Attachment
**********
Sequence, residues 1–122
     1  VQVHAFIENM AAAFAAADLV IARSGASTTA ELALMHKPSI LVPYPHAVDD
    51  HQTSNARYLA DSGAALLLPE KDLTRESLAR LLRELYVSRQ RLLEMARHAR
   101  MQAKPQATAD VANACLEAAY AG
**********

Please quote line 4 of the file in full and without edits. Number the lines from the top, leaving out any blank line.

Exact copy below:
   101  MQAKPQATAD VANACLEAAY AG